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The Easter Bunny's special house call

Easter came early this year, but I know how it works. You start with the spring equinox, which is usually March 21, then go to the next full moon. The following Sunday after the full moon will be Easter. That is, if you’re using the Western calendar. The earliest it can be is March 22 and the latest, April 25. It’s the only holiday we celebrate with a floating date with over one month of variance.

I’ve never heard anyone say they didn’t care for Easter. I’ve heard plenty of people say they hated Christmas, though I suspect it had more to do with the hype and commercialism. Maybe they grew up with rotten Christmases, but it wasn’t the day they hated, just their circumstance. But Easter abounds with good tidings to one and all, rich and poor, Democrat and Republican, so what’s not to like about it?

At its worst, it’s a wet day in spring with frothy tree canopies and life out-maneuvering death everywhere — in pastures, in paddocks, in nests and nurseries. At its best, millions celebrate the Christian account of Easter. Nestled between the two are Cadbury egg commercials, a Pear Blossom Run, wildflower hikes and egg hunts. What’s not to love?

I recall an egg hunt that happened over 20 years ago here in Eagle Point. Our daughter was about 7. The Eagle Point Community Association still hosts the fun scramble for candy eggs. It’s fairly divided by age, and all participants come away with enough sugary orbs to temporarily satisfy. That year, Emily came home with her basket of goods. She and best bud, Amy, were going over their haul, when Emily discovered she’d picked up one of the special, prize-winning eggs with a gold star on it. The star meant she had won a full basket overflowing with prizes and candy — an egg hunt jackpot, the granddaddy of Easter baskets. In the excitement of the hunt, she hadn’t stopped to look each egg over and had missed the star.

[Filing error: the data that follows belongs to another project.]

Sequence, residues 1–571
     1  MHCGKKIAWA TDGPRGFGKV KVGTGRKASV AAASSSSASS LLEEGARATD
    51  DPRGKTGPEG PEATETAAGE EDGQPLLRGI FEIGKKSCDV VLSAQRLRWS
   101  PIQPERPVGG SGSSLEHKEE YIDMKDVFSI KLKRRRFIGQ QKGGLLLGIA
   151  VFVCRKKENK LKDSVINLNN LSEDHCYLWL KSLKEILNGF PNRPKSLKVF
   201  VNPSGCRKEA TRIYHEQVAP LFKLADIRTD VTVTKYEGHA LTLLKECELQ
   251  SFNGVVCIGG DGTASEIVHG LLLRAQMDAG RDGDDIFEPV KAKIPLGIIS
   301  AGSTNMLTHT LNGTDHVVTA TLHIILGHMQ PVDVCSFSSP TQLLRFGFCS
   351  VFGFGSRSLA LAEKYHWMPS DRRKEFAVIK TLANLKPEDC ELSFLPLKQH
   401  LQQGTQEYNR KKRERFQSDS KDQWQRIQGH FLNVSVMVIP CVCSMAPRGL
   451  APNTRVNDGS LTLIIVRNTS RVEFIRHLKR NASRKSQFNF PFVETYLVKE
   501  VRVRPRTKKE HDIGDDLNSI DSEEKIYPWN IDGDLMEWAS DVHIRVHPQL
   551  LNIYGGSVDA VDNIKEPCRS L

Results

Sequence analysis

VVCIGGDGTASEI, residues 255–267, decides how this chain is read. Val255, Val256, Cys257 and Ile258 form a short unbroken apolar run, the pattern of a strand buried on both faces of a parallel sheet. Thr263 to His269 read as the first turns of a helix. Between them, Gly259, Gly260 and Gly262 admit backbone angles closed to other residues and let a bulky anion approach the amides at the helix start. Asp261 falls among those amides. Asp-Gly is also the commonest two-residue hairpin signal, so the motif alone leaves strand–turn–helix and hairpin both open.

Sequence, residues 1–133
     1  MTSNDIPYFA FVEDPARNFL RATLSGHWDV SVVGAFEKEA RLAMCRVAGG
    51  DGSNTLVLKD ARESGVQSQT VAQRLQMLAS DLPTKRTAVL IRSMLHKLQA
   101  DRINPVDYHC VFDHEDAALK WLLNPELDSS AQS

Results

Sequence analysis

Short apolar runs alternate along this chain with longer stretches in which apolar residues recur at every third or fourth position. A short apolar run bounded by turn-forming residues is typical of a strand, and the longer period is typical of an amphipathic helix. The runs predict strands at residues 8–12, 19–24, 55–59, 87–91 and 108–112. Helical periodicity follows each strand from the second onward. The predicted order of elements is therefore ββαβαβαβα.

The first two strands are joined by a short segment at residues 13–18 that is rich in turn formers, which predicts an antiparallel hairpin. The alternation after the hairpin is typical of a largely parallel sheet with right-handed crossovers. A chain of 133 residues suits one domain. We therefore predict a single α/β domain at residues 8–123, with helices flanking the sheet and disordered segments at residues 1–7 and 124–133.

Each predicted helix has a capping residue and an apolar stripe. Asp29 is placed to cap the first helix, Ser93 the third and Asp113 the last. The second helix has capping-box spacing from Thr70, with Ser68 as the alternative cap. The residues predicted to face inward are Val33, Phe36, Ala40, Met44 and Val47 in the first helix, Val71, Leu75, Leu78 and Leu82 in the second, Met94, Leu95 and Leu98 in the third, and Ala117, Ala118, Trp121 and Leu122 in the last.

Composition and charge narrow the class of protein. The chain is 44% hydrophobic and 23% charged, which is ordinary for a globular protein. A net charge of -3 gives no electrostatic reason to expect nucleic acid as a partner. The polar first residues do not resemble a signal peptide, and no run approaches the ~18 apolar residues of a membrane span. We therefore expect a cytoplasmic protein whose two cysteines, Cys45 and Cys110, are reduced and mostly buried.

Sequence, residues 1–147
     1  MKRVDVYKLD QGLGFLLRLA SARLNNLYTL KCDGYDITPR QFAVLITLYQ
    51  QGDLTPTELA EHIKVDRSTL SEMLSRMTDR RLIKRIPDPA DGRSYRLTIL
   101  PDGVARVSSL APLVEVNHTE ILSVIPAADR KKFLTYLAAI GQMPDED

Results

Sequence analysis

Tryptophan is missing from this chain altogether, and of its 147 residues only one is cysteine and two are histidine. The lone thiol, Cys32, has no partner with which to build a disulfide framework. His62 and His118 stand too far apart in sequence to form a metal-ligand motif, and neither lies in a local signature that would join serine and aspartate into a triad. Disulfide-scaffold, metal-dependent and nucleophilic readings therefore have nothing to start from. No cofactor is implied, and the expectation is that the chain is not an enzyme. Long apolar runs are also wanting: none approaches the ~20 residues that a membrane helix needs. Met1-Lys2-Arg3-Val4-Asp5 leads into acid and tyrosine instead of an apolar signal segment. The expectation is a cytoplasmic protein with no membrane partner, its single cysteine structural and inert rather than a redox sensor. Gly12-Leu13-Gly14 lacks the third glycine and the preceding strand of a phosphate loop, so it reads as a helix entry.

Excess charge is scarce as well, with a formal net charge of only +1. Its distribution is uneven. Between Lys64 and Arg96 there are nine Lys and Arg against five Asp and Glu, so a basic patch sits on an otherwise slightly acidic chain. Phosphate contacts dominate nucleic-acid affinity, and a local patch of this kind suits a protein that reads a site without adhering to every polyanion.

We rushed back to the school and the place where the prizes had been displayed, but the table was empty. There were no baskets. She didn’t cry or pitch a fit. In fact, she handled the loss so well, it made it harder for me, but Em’s let-down was real. Life was and is full of disappointments.

The woman in charge took our number and offered to arrange a surprise visit. A couple days later, I looked out the front window and saw a 5-foot something Easter rabbit, large feet flopping, walking toward the house with a fancy basket of goods. Emily answered the door and squealed, hardly believing what she saw. The Easter Bunny had made a house call. I wish I’d recorded the rabbit’s name, but what an awesome idea she had to take time to make things right for one child.

May you open the door, win the gold star, and celebrate Easter.

Peggy Dover is a freelance writer living in Eagle Point. Reach her at pcdover@hotmail.com.